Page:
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Downtown Partnership's Michael Ault weighs in on how downtown businesses will benefit from new arena

Michael Ault, executive director of the Downtown Sacramento Partnership, was kind enough to answer some questions about the type of impact a new downtown arena would have on local business. Ault's organization has been a key voice for the business community in the fight to keep the Kings in Sacramento.

The effort to keep the Kings and build a new arena in downtown Sacramento has and continues to be a united front that includes numerous people and organizations.

One of those entities is the Downtown Sacramento Partnership, a private, non-profit organization dedicated to the improvement of the central Sacramento business district. The organization represents 176 property owners and more than 400 retail businesses located within the 66-block district of downtown.

The Downtown Partnership has helped mobilize the local business community to push for the approval and completion of a downtown arena and remains active in the process as the city now enters the next phase of environmental review.

I recently caught up with Michael Ault, executive director of the Downtown Partnership, to get his thoughts on what this project would mean for downtown businesses and the future of Sacramento.

BE: The arena process has taken a lot of twists and turns over the years and I know the Downtown Partnership has been a strong advocate for putting the facility downtown for a long time. It's not done yet, but how exciting was it for you and your organization earlier this year when the City Council approved a term sheet with the new owners of the Sacramento Kings and the team ended up staying?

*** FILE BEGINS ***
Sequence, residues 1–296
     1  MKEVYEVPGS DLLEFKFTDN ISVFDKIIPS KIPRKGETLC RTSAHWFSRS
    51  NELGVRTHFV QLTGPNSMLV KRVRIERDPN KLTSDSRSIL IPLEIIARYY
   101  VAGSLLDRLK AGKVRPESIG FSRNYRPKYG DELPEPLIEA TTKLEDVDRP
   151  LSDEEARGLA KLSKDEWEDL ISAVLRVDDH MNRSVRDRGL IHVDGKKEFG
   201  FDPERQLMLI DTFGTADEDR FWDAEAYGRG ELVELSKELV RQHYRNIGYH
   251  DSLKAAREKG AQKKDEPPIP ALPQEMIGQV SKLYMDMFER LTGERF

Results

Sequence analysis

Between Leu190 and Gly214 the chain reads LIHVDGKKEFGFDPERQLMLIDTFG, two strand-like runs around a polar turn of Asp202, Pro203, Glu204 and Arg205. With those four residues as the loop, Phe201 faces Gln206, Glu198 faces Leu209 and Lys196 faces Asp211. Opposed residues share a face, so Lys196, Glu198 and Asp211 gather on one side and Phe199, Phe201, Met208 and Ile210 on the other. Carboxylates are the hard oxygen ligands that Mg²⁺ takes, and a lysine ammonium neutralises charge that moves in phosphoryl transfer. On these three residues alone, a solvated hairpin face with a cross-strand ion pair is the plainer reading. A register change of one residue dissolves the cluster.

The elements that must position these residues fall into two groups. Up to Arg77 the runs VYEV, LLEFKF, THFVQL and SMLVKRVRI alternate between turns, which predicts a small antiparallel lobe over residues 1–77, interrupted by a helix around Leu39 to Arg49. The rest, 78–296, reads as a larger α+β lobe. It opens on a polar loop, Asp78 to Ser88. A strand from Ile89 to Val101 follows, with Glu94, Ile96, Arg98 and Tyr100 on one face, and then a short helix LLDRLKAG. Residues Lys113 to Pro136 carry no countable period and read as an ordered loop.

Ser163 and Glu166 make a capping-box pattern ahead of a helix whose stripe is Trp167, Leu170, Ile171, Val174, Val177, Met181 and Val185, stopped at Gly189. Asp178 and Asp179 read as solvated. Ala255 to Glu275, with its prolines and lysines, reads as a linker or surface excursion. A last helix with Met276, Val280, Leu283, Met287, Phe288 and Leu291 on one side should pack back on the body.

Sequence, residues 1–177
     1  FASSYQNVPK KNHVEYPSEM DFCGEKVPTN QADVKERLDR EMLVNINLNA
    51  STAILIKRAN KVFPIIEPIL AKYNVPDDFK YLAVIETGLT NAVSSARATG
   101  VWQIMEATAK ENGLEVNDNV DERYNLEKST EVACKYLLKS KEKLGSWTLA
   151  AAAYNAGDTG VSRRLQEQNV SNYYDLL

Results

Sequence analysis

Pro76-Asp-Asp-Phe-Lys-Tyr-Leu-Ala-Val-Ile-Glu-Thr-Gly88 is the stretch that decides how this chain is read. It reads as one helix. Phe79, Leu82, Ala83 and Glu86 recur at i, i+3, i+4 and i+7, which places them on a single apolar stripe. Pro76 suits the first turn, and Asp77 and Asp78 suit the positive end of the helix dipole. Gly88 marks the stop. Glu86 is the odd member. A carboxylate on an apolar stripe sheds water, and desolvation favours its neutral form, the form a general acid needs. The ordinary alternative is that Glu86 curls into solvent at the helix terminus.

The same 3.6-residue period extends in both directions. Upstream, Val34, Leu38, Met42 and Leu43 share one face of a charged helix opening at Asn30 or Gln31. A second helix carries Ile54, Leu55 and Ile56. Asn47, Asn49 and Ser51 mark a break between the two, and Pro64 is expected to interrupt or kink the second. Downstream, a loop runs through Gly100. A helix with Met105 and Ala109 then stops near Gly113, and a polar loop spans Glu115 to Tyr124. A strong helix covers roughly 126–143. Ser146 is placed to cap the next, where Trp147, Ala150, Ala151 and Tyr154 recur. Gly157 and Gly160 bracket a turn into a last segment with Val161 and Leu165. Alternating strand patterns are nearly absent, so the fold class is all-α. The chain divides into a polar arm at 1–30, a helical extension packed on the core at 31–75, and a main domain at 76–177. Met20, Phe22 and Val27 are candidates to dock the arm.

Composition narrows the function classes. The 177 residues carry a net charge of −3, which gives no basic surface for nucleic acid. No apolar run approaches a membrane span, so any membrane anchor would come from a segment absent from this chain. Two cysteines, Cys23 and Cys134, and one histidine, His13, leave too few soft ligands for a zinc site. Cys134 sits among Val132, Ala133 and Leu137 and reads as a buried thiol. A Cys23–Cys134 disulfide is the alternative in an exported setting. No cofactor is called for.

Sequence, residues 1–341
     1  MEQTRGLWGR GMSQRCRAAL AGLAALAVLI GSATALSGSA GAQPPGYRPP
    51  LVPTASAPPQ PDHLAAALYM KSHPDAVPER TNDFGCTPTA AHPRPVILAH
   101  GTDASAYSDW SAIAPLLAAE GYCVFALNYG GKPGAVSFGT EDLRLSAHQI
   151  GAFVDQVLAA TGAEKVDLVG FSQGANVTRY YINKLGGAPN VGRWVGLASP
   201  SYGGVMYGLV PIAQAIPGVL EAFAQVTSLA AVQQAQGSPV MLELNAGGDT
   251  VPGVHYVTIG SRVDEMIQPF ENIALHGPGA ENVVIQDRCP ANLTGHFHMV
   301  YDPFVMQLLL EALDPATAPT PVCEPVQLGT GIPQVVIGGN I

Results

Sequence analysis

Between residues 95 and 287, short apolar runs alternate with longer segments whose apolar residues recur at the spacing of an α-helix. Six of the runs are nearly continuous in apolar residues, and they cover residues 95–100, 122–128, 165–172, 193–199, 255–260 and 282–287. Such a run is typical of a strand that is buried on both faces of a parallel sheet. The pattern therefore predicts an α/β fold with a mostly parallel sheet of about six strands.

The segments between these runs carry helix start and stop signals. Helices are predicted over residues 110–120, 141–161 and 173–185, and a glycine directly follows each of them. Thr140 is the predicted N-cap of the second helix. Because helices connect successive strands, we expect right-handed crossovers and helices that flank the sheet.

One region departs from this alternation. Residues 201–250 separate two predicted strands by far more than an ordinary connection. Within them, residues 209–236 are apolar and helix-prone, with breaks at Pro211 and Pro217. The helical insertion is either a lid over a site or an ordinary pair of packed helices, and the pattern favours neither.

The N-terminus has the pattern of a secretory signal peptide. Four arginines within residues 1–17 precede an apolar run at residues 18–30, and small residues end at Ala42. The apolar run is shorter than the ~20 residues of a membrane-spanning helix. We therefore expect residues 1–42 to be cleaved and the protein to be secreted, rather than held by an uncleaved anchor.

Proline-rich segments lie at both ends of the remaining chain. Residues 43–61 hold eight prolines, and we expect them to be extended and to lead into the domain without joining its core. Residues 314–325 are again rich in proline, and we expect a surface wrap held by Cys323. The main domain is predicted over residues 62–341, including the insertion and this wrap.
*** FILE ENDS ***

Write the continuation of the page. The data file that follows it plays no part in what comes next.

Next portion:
MA: We were thrilled. Our organization has advocated for this project in the downtown core for over a decade, so to see it move forward, especially after being so close to losing the team and the prospect of a downtown Entertainment and Sports Complex earlier this year, was just tremendous.

BE: When you hear from property owners around downtown, what are the main things they are excited about in terms of the potential of a new Entertainment and Sports Complex?

MA: Many downtown businesses, believe the ESC will be a positive asset to their business. The events will attract high volumes of visitors, and a good design will encourage pedestrian activity, which together will result in more business. The influx of excitement about the arena and the subsequent investment in the area will lead to a very dynamic retail and entertainment mix that will complement and enhance our existing assets.

From a development standpoint, it's all about absorption. An activity generator like an arena will have a positive effect on growing our residential and commercial markets. It will help shorten the absorption time it takes to fill retail and residential space and make other projects more financially feasible.

Ultimately, it will help the Sacramento region continue to position itself as an area to attract young professionals with both affordability and an exciting urban scene, which is very important to businesses looking to recruit and retain talent.

BE: I know the Downtown Partnership has recently made an effort to try to spruce up the 7th-9th blocks of K Street. How will the Entertainment and Sports Complex help that effort?

MA: There's no question it will pave the way for more opportunities for private capital to be injected into those blocks. The 700 block of "The Kay" has had plans for development for several years now, but has yet to break ground due to complications with the dissolution of redevelopment. The area in general is now much more attractive to private investors and the financial lending community.